Laurel Knob, that mammoth dome of granite near Cashiers, isn’t necessarily distinguished within the climbing community by its size or the roughly two dozen routes traversing its face. What sets it apart is the way those routes came to be: first ascents marked by tales of adventure, boldness and ingenuity, the very substance of a purely North Carolinian climbing style.
In other parts of the South, “sport climbing”—that is, drilling anchors into rock along a route to support climbers’ ropes—has come to dominate. But local climber Jeep Gaskin says, “There’s not a lot of mystery in clipping bolts.” Gaskin is credited with establishing dozens of classic routes around the state, including one at Laurel Knob, in the ground-up style embraced here. Much like a game of sandlot football, the house climbing rules, such as using bolts responsibly and refusing to preview a route before an ascent, evolved organically, over time and by word of mouth. And while the game remains much the same today, some fear that the subtle variations in climbing etiquette that distinguish one neighborhood from the next are at risk of being lost.
That’s what troubles Harrison Shull the most about the state’s climbing heritage. Shull, the co-author of Selected Climbs in North Carolina and the author of Southeastern Rock, believes that securing climbing’s past in the region is the key to preserving its future. “To me, climbing is about adventure and the ethic that embraced it,” he says. “If we want the younger generation of climbers to respect and enjoy the traditions of the Carolinas, then we need to connect them to [those traditions].”
Shull is no stranger to the kind of bravado that arose among the state’s pioneer climbers. As a gifted teen, he was groomed by some of the Southeast’s boldest climbers and exposed to a purist ethic that’s been defended to an uncommon degree in North Carolina. At age 36, he’s been climbing for more than two decades and continues to establish challenging new routes.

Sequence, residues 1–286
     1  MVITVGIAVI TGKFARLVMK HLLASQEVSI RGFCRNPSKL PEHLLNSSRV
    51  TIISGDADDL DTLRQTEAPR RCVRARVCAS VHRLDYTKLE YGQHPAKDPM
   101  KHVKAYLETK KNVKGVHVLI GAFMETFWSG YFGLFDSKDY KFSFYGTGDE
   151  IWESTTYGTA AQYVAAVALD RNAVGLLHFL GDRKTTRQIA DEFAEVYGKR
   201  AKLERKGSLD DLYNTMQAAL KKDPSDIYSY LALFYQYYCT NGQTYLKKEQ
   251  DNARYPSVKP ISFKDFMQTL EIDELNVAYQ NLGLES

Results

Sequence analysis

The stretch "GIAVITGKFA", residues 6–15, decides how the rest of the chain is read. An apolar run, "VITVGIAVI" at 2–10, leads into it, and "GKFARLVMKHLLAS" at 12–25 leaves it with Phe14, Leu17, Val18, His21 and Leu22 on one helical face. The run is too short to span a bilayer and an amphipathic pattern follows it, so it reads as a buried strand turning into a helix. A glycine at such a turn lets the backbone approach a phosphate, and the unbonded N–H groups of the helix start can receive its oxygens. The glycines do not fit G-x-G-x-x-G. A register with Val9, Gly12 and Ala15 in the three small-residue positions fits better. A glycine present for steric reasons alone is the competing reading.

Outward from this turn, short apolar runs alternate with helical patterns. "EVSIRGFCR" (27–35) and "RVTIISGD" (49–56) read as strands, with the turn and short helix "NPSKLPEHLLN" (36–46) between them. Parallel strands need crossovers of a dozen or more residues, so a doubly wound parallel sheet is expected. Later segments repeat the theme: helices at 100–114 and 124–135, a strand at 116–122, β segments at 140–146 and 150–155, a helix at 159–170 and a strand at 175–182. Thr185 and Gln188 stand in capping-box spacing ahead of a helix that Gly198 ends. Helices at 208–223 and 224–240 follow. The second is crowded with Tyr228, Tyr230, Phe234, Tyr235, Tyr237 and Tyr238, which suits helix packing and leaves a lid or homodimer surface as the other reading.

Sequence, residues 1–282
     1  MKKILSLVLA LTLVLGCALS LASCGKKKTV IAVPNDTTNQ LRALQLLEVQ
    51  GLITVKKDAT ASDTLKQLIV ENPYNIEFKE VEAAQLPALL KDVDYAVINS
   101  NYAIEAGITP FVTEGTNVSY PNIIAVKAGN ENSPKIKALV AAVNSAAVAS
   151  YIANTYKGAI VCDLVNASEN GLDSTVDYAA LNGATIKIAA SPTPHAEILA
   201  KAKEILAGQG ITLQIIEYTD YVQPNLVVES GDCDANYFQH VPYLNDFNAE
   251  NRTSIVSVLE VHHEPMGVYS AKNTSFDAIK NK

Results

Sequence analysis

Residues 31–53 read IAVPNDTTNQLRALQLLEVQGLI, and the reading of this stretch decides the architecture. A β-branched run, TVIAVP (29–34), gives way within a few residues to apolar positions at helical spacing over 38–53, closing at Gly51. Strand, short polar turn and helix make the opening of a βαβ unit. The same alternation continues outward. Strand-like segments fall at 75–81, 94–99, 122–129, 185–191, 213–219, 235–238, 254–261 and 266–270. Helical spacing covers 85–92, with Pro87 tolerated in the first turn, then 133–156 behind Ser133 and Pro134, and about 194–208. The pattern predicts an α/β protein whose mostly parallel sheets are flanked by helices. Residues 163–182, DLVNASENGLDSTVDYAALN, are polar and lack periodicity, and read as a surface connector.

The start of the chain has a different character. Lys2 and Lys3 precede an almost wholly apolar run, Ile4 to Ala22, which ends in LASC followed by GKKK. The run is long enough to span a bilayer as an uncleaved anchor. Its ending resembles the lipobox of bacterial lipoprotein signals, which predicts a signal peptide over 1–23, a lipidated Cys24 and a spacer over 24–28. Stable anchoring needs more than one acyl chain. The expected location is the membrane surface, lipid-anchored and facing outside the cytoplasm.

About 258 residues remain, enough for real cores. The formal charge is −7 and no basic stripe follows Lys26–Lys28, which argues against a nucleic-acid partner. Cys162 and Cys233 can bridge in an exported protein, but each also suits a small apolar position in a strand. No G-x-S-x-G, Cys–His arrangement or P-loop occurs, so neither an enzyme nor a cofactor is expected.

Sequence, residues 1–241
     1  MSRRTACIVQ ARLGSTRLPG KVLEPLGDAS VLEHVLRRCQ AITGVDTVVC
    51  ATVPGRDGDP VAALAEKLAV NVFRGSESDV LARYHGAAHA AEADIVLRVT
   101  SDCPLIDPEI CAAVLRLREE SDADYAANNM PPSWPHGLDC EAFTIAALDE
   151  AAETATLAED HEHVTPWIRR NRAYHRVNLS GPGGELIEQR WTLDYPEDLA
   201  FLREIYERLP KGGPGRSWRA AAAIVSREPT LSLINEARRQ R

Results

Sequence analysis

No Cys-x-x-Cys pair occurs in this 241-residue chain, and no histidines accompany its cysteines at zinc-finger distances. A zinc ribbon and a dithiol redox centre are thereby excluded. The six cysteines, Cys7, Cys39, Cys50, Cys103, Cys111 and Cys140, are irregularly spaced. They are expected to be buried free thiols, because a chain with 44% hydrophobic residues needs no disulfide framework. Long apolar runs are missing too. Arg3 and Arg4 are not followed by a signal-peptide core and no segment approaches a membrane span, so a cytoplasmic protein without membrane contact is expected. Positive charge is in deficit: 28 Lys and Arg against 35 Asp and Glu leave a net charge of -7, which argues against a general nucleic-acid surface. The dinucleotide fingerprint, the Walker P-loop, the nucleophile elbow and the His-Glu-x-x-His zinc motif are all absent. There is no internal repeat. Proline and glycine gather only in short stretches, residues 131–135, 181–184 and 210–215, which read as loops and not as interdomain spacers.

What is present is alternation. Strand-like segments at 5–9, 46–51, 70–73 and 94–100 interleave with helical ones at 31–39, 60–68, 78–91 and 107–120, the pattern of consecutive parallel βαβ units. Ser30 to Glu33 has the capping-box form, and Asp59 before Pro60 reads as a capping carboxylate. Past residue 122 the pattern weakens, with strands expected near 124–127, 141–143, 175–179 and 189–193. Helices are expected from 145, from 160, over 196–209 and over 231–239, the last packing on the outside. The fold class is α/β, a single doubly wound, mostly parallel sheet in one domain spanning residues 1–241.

Shull’s interest in climbing took on an added dimension in the mid-‘90s, when he was working as a guide at West Virginia’s Seneca Rocks. Up till then, climbing magazines had seldom featured stories about the Southeast. Shull saw that as a potential opportunity, and he began capturing the terrain and feats of Southern climbers on film. Soon the Western-based magazines were taking notice of the region and names like Seneca Rocks, the New River, the Tennessee Wall and Looking Glass entered the sport’s lexicon.
Since moving to Asheville in 1998, Shull has become as much a fixture at crags with a camera slung around his neck as with climbing gear. His photos have won nationwide respect for the South’s varied and abundant climbing opportunities, yet that attention hasn’t always been appreciated. Shull doesn’t deny the impact his photographs have had by attracting folks to the area, but he hasn’t surrendered to his critics, either. “Some say the best way to preserve the tradition is to shroud it in secrecy,” says Shull. “I don’t agree with that.”
Unlike the West, where there are abundant climbing opportunities on public lands, access to Southern crags, many of which are privately owned, is often dicey and can sometimes be lost altogether. Little wonder that many climbers are tightlipped, guarding their crags the way a bear protects its cubs, leaving little chance that a crag can be exploited or restricted. A case in point is Laurel Knob, which was closed to the public several years ago but has been bought by the Carolina Climbers Coalition for $250,000, restoring access.
Awhile back, the late North Carolina climber Doc Bayne suggested to writer and fellow climber Yon Lambert that the state needed a new guide. The last edition of Thomas Kelley’s Climber’s Guide to North Carolina was outdated and lacking in some of the color that matters to climbers. Lambert contacted Shull, and the two agreed to collaborate on a new guide that was published in 2002. They’re now poised to release a second edition, which will include the first published guide to Laurel Knob.
“From the start we never intended to make money,” says Shull. Anyone who’s ever written a guidebook probably understands what he means: The paycheck seldom matches the effort. Rather, Shull saw his contribution to the guidebook as an extension of his work and his passion for preserving and conveying to younger climbers what he sees as the region’s threatened climbing tradition.
These days, North Carolina’s climbing culture may be less guarded than it was in the past. Still, some would prefer that published information be kept less than comprehensive. “There’s no doubt the guidebook has caused an increase in climbing activity,” says Gaskin. “That said, I think Harrison has worked hard to preserve the tactics and climbing style that make the Carolinas so unique.”
[Jack Igelman lives in Asheville.]